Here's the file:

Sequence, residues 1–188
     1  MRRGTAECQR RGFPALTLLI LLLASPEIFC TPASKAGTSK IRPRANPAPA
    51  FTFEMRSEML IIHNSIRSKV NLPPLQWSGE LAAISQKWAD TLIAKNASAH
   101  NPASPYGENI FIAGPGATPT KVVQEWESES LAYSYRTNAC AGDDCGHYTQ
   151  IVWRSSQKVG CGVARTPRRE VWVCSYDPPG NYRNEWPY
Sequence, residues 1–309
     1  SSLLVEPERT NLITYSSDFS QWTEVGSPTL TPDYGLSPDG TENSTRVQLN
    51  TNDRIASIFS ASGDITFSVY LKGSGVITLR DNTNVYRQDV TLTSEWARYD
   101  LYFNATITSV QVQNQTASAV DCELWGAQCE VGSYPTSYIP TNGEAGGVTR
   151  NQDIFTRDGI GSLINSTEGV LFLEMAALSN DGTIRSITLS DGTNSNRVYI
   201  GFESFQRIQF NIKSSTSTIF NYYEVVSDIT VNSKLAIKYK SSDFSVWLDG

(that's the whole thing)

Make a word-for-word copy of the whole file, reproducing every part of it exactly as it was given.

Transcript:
Sequence, residues 1–188
     1  MRRGTAECQR RGFPALTLLI LLLASPEIFC TPASKAGTSK IRPRANPAPA
    51  FTFEMRSEML IIHNSIRSKV NLPPLQWSGE LAAISQKWAD TLIAKNASAH
   101  NPASPYGENI FIAGPGATPT KVVQEWESES LAYSYRTNAC AGDDCGHYTQ
   151  IVWRSSQKVG CGVARTPRRE VWVCSYDPPG NYRNEWPY
Sequence, residues 1–309
     1  SSLLVEPERT NLITYSSDFS QWTEVGSPTL TPDYGLSPDG TENSTRVQLN
    51  TNDRIASIFS ASGDITFSVY LKGSGVITLR DNTNVYRQDV TLTSEWARYD
   101  LYFNATITSV QVQNQTASAV DCELWGAQCE VGSYPTSYIP TNGEAGGVTR
   151  NQDIFTRDGI GSLINSTEGV LFLEMAALSN DGTIRSITLS DGTNSNRVYI
   201  GFESFQRIQF NIKSSTSTIF NYYEVVSDIT VNSKLAIKYK SSDFSVWLDG